Ally Division Gets Purchased by GM
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UPDATED: Nov 28, 2012
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General Motors has purchased the Latin American, European and Chinese auto loan operations of Ally Financial.
“GM is entering the most aggressive rollout of new vehicles in its history and this acquisition will make us an even more formidable competitor by ensuring that competitive financing is available to our customers and dealers around the world,” said Dan Ammann, GM’s Senior Vice President and CFO, in a GM press release.
GM Financial was created in 2010 in order to help facilitate auto loan financing for consumers in the United States and Canada. GM intends to use the recently purchased Ally International Operations to help borrowers in diverse markets around the world.
“The Ally International Operations have very strong underwriting and risk management, close relationships with GM dealers and an excellent customer service reputation. The addition of these businesses significantly strengthens GM Financial’s core role, which is to support the sale of GM vehicles. The international operations leadership team will also transition to GM Financial, which will provide tremendous continuity for stakeholders and customers,” said Dan Berce, GM Financial’s President and CEO.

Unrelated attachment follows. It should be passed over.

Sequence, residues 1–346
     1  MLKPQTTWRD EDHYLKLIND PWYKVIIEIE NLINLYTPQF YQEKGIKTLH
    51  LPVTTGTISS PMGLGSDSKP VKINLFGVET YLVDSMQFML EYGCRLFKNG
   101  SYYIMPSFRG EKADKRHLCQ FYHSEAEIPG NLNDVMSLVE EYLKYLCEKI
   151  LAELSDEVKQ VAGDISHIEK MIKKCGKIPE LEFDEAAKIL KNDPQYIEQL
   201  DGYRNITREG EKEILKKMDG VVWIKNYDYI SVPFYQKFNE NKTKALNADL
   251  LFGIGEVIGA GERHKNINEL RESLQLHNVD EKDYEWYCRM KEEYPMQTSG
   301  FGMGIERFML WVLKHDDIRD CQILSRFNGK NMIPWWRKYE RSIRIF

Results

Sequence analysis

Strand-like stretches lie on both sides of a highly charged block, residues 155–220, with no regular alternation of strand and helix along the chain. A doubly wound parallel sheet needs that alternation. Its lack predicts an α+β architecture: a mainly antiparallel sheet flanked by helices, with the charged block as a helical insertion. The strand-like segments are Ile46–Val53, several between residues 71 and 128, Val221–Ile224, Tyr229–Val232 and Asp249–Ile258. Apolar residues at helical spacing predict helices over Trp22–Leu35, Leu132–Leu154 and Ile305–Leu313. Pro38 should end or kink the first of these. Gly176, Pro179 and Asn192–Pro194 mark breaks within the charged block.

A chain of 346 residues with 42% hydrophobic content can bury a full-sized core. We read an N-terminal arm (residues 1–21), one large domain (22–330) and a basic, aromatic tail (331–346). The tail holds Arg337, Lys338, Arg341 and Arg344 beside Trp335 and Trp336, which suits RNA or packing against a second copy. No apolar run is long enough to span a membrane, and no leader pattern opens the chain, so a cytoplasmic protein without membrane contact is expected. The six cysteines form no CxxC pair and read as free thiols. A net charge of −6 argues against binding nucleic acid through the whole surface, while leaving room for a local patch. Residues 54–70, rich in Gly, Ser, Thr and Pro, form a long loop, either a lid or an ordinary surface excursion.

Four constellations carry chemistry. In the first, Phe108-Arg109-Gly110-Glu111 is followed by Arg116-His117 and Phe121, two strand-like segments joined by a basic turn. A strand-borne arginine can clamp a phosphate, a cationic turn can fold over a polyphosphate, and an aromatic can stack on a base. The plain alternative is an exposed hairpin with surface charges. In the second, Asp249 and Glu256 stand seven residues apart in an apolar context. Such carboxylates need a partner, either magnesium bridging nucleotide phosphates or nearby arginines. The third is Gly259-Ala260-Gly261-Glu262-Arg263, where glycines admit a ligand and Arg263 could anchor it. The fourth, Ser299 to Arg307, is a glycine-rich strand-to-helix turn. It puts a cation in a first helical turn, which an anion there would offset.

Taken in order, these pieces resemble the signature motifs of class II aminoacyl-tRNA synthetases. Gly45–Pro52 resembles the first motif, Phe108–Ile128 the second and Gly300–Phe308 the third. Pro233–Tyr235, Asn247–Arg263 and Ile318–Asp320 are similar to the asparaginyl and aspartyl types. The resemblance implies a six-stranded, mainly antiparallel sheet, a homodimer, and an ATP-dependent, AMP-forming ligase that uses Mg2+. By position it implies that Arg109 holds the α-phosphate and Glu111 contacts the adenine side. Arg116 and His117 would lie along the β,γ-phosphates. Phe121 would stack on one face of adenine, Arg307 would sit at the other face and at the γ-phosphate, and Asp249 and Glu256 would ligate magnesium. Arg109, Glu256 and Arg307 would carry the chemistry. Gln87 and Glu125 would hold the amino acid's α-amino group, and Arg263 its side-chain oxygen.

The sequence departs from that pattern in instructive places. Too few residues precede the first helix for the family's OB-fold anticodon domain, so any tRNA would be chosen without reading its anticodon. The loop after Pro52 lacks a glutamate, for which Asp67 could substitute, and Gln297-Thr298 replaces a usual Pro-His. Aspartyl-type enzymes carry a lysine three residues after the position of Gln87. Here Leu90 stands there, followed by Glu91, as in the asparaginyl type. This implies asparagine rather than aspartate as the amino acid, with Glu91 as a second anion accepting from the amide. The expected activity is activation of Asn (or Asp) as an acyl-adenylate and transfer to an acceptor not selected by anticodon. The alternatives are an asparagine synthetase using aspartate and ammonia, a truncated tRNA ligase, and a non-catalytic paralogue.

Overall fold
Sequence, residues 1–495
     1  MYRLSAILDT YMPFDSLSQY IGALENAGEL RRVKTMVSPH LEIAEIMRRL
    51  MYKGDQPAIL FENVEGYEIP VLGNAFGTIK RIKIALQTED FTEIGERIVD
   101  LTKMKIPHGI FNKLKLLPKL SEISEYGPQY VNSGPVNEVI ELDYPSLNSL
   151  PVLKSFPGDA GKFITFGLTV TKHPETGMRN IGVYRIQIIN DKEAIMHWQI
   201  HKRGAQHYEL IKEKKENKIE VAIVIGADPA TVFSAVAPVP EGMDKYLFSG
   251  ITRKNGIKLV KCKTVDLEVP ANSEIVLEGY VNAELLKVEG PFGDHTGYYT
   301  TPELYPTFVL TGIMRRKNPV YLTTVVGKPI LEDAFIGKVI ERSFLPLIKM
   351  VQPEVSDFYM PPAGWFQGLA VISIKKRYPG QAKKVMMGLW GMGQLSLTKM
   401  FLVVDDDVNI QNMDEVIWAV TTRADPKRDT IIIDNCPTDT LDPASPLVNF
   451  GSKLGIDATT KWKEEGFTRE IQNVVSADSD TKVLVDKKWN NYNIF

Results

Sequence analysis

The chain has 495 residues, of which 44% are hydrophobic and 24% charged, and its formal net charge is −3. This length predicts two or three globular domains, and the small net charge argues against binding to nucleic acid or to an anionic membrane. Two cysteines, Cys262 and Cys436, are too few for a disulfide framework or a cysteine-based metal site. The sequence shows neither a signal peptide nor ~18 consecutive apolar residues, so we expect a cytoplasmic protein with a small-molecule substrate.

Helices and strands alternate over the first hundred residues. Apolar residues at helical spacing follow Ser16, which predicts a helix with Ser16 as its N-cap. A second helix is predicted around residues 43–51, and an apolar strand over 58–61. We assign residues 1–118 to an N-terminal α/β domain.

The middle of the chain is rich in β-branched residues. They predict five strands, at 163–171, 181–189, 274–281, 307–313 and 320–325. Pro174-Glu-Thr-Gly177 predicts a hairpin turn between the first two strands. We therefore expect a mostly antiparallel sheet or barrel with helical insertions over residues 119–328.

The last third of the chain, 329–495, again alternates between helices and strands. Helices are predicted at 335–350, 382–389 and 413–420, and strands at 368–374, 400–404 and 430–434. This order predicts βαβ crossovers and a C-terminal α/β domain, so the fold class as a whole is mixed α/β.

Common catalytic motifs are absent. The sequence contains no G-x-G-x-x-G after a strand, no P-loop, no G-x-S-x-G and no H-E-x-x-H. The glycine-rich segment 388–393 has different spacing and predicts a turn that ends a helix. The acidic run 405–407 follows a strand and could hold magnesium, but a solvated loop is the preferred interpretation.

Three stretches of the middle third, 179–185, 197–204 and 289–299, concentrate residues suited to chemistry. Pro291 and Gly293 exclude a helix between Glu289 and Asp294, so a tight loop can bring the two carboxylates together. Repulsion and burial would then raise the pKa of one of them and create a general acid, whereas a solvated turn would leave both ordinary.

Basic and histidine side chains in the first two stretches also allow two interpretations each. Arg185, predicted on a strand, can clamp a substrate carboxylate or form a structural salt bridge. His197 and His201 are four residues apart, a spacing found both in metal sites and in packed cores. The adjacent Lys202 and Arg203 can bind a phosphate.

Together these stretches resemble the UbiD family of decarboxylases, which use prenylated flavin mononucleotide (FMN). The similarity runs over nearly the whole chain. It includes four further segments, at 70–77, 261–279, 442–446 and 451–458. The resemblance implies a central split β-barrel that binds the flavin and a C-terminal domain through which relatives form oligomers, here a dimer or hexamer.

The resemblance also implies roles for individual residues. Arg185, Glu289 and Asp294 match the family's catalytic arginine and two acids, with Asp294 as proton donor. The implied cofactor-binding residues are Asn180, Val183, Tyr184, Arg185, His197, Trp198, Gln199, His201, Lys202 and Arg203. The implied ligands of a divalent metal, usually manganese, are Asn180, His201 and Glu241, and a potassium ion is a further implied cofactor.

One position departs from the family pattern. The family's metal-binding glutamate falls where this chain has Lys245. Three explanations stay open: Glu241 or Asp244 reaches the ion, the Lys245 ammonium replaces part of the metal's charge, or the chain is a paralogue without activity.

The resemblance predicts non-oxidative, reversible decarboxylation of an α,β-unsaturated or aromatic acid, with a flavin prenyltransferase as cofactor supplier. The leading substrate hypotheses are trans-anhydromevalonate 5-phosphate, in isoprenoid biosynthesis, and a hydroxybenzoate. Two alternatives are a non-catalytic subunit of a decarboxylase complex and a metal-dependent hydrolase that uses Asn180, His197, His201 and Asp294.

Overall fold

The European operations that were purchased from Ally are in Germany, the United Kingdom, France, Italy, Belgium, the Netherlands, Sweden, Switzerland and Austria. In Latin America, Ally operated in Brazil, Mexico, Colombia and Chile. Ally’s operations in China were under the GMAC-SAIC Automotive Finance Company, which is partially owned by the non-banking lender Shanghai Automotive Group Finance Company.
In order to afford purchasing these foreign auto loan financing operations, GM transferred $2 billion to its financial division.
GM Financial will increase its assets to $33 billion as a result of this sizable purchase. It will now be liable for $27 billion worth of financing which includes consolidated debt. This is a near doubling of GM’s current liability of $12 billion.
Ally has been seeking to sell off several of its auto loan divisions in order to repay taxpayers for bailout funds it took at the height of the financial crisis. This recent purchase should put Ally, which is majority-owned by the federal government, on the right track to repaying taxpayers and clearing its books of debt.